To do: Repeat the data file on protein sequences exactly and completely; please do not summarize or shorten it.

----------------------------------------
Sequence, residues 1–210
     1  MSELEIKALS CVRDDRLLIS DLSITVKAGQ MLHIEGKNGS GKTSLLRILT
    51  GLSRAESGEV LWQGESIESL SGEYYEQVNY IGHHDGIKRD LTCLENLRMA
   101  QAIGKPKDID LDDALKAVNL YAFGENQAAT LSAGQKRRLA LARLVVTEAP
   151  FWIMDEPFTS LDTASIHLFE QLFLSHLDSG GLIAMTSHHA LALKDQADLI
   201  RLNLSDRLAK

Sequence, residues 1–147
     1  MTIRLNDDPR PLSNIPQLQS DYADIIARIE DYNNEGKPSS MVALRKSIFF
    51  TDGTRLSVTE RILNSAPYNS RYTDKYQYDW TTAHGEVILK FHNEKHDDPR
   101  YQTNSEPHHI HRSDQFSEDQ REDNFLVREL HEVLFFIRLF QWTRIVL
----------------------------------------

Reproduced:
Sequence, residues 1–210
     1  MSELEIKALS CVRDDRLLIS DLSITVKAGQ MLHIEGKNGS GKTSLLRILT
    51  GLSRAESGEV LWQGESIESL SGEYYEQVNY IGHHDGIKRD LTCLENLRMA
   101  QAIGKPKDID LDDALKAVNL YAFGENQAAT LSAGQKRRLA LARLVVTEAP
   151  FWIMDEPFTS LDTASIHLFE QLFLSHLDSG GLIAMTSHHA LALKDQADLI
   201  RLNLSDRLAK

Sequence, residues 1–147
     1  MTIRLNDDPR PLSNIPQLQS DYADIIARIE DYNNEGKPSS MVALRKSIFF
    51  TDGTRLSVTE RILNSAPYNS RYTDKYQYDW TTAHGEVILK FHNEKHDDPR
   101  YQTNSEPHHI HRSDQFSEDQ REDNFLVREL HEVLFFIRLF QWTRIVL